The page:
While mortals sleep, the angels keep their watch of wondering love.
O morning stars together, proclaim the holy birth,
And praises sing to God the King, and peace to men on earth!
How silently, how silently, the wondrous Gift is giv’n;
So God imparts to human hearts the blessings of His Heav’n.
No ear may hear His coming, but in this world of sin,
Where meek souls will receive Him still, the dear Christ enters in.
Where children pure and happy pray to the blessèd Child,
Where misery cries out to Thee, Son of the mother mild;
Where charity stands watching and faith holds wide the door,
The dark night wakes, the glory breaks, and Christmas comes once more.
O holy Child of Bethlehem, descend to us, we pray;
Cast out our sin, and enter in, be born in us today.
We hear the Christmas angels the great glad tidings tell;
O come to us, abide with us, our Lord Emmanuel!

18 December 2010

The Perseverance of the Saints

The following was written by Phil Johnson and can be found at the Pyromaniacs blog. Short and sweet and well-stated, I wanted to share it!

The Perseverance of the Saints

by Phil Johnson

I am absolutely confident no true believer in Jesus Christ will ever lose his or her salvation. Authentic believers can never do anything to forfeit the eternal life that is ours in Christ. Otherwise, by definition, it could not be said that we have everlasting life and will not come into judgment, but have passed from death to life (John 5:24).
"Blessed be the God and Father of our Lord Jesus Christ! According to his great mercy, he has caused us to be born again to a living hope through the resurrection of Jesus Christ from the dead, to an inheritance that is imperishable, undefiled, and unfading, kept in heaven for you, who by God's power are being guarded through faith for a salvation ready to be revealed in the last time" (1 Peter 1:3-5).

'm not fond of the expression "eternal security" because of the way the doctrine is abused by antinomians and people who think it's possible to own Jesus as Savior without bowing to Him as Lord. I prefer to speak of the perseverance of the saints,because that expression better captures the gist of what the doctrine entails.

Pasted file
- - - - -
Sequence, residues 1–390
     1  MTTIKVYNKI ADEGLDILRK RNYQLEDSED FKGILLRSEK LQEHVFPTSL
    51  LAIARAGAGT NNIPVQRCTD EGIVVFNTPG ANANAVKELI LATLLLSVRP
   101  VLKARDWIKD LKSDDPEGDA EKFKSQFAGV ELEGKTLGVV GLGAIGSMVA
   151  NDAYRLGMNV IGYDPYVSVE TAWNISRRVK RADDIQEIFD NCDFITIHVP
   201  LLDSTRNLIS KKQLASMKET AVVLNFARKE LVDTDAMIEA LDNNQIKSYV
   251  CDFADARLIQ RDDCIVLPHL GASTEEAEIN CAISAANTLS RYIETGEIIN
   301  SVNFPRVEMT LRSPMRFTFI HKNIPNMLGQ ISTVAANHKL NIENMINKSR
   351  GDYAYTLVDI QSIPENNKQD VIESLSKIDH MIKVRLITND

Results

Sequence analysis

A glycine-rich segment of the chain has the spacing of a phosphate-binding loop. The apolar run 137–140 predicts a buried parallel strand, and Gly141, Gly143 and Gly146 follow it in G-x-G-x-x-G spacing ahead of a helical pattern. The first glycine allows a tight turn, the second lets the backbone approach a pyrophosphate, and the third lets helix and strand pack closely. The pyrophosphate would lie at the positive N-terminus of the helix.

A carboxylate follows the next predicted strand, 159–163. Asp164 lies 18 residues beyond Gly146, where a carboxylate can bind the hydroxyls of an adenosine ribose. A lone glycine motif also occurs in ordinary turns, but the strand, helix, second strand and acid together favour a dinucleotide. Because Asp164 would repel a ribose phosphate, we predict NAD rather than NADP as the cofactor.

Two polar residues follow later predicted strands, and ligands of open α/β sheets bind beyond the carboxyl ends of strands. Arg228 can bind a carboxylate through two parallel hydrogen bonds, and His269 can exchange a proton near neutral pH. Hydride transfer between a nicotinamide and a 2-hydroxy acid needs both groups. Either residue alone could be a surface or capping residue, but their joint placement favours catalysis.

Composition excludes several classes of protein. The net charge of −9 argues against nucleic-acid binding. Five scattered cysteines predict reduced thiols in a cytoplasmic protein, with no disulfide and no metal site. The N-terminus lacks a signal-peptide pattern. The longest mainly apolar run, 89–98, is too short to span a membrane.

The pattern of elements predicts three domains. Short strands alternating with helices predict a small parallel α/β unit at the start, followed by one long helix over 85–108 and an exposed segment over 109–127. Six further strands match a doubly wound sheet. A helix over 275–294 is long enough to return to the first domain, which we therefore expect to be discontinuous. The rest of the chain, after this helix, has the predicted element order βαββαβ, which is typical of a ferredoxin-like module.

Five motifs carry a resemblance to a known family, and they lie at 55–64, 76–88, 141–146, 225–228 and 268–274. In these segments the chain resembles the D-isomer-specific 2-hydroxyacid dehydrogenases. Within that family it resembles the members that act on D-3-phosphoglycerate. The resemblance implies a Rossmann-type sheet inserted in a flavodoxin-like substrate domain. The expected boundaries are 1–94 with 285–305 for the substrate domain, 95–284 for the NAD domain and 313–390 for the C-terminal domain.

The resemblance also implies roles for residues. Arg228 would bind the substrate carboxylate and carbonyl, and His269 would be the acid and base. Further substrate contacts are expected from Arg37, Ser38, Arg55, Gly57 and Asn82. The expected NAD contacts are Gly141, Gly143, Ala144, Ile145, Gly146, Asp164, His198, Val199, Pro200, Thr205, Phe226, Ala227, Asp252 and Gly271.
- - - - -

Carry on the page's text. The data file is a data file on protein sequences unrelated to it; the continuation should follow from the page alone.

The idea is not that if we once "accept Christ" we are guaranteed heaven regardless of whether we continue in the faith or not, but that those who are truly regenerate will not depart from Christ. The supposed Christian who does depart demonstrates that he was never a true Christian in the first place: "They went out from us, but they were not of us; for if they had been of us, they would have continued with us. But they went out, that it might become plain that they all are not of us" (1 John 2:19).

On the other hand, I'm convinced that the saints will persevere not because I have any confidence in the saints' own strength or their own faithfulness. My own security not does not rest in my devotion to Christ, but in His devotion to me. I am "kept by the power of God." His power is what energizes my faith and keeps me in the process of salvation, ready to be revealed at the last time.

That's an echo of the truth of 2 Thessalonians 3:3: "The Lord is faithful. He will establish you and guard you against the evil one." And 2 Timothy 2:13: "If we are faithless, he remains faithful—for he cannot deny himself." Also, Jude 24God "is able to keep you from stumbling and to present you blameless before the presence of his glory with great joy."

So on the authority of Scripture I believe absolutely in the doctrine of the perseverance of the saints. But it's not because I have any confidence in the saints themselves. It is God who secures their perseverance.

16 December 2010

Thursday's Spurgeon

From the December 14 evening entry of Morning and Evening:
“I am crucified with Christ.”

Galatians 2:20